This chapter looks into the interplay of indigenous education and global citizenship in the Philippines. The country is one of the first nations in Asia to have passed a law recognizing the specific needs of its indigenous people (IP). In 1997, the Indigenous People’s Rights Act was passed into law to ensure that IPs have access to basic health and education. But much has remained wanting in its implementation even after two decades. This chapter spells out first the historical development and the emergent conceptualization of indigenous education insofar as national policy is concerned. After which, local experiences of indigenous education are considered – particularly, the case of a local school in Bukidnon, the Apu Palamguwan Cultural Education Center; and an institutional program, the Philippine’s Response to Indigenous Peoples’ and Muslim Education. The chapter concludes by considering whether or not the concept of global citizenship is understood at the level of both policy and local experience.
- Global citizenship
- Philippine policy
- Indigenous education
- Indigenous peoples
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The sincerity of IPRA has also been called into question for “being framed within the Regalian Doctrine” (Rovillos and Tauli-Corpuz 2012, 137). Official recognition of ancestral domains lies first and foremost with the State, which may have other interests to protect.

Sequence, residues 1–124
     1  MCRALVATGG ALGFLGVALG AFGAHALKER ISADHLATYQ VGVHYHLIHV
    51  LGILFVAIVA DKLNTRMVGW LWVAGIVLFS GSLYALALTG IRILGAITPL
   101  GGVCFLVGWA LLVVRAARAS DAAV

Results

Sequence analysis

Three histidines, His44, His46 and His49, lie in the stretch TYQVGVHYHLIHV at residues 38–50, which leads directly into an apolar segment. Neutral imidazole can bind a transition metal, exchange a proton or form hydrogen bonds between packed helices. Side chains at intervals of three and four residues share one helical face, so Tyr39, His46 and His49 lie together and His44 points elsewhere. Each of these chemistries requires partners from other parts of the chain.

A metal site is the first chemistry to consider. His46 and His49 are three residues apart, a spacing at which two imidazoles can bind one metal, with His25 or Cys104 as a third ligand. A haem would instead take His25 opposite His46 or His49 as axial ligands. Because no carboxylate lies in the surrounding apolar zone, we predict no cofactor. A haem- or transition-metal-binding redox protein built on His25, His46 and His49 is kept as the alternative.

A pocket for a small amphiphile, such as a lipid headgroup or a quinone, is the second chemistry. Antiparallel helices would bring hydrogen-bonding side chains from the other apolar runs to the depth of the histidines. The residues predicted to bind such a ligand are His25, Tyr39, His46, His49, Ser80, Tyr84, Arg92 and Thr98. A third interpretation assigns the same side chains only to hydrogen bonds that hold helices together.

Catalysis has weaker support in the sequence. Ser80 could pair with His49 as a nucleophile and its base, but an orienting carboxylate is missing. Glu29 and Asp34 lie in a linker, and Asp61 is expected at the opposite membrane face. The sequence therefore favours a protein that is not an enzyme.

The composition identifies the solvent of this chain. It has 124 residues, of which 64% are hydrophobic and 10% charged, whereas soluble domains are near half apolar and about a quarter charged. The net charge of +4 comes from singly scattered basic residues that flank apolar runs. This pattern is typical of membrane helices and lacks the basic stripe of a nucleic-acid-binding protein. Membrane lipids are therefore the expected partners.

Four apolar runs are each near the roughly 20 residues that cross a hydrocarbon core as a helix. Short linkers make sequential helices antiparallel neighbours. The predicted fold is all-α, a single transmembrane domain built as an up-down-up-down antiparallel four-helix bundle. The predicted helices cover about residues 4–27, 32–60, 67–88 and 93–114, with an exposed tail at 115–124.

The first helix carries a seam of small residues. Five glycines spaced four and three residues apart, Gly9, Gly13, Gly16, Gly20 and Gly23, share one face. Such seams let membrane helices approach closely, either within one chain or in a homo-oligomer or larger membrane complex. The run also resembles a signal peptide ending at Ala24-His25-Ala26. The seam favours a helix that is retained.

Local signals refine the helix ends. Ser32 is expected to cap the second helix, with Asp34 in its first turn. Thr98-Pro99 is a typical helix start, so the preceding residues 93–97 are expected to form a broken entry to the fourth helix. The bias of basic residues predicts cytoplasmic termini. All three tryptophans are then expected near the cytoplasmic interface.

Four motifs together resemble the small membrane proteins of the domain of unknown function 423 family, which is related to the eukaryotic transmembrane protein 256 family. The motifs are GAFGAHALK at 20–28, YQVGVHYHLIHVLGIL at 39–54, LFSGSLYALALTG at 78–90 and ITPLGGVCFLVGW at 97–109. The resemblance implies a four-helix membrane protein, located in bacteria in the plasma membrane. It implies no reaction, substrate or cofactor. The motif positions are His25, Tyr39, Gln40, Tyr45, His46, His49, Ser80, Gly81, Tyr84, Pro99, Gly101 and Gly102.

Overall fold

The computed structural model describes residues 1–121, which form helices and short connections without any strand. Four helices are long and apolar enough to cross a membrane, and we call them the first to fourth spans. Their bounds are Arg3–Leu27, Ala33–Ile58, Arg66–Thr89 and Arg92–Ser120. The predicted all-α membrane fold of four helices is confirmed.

One development that could possibly improve the situation is the ratification of the ILO Convention (No. 169) on Indigenous and Tribal Peoples. As a legally binding document, ILO C169 introduces supervisory mechanisms and technical assistance that will compel the Philippines to give due attention to the needs of IPs. Ratification will complement the legal force of IPRA (see Candelaria 2012).
Other vulnerable sectors include out-of-school youth and differently abled youth.
The policies discussed in this section have mainly concerned the Department of Education. A parallel effort involving transmission of intangible cultural heritage is the School of Living Traditions (SLT) program of the National Commission for Culture and the Arts (NCCA). Usually, implemented in a non-formal manner, SLTs are spaces where a “living master/cultural bearer or culture specialist teaches skills and techniques of doing a traditional art or craft” (Telavera 2011: 1).
To put this novelty in perspective, the curriculum it replaced (Restructured Basic Education Curriculum) had a clear citizenship education dimension called “makabayan” (patriotic), which had four components: social studies; technology and home economics and livelihood; music, arts, physical education and health; and values education. The values inculcated in these classes were patriotism, humanitarianism, environmentalism, and godliness (Almonte-Acosta 2011). Arguably, a global outlook, at that time, had not been fully articulated yet.
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Cornelio, J.S., de Castro, D.F.T. (2016). The State of Indigenous Education in the Philippines Today. In: Xing, J., Ng, Ps. (eds) Indigenous Culture, Education and Globalization. Springer, Berlin, Heidelberg. https://doi.org/10.1007/978-3-662-48159-2_9
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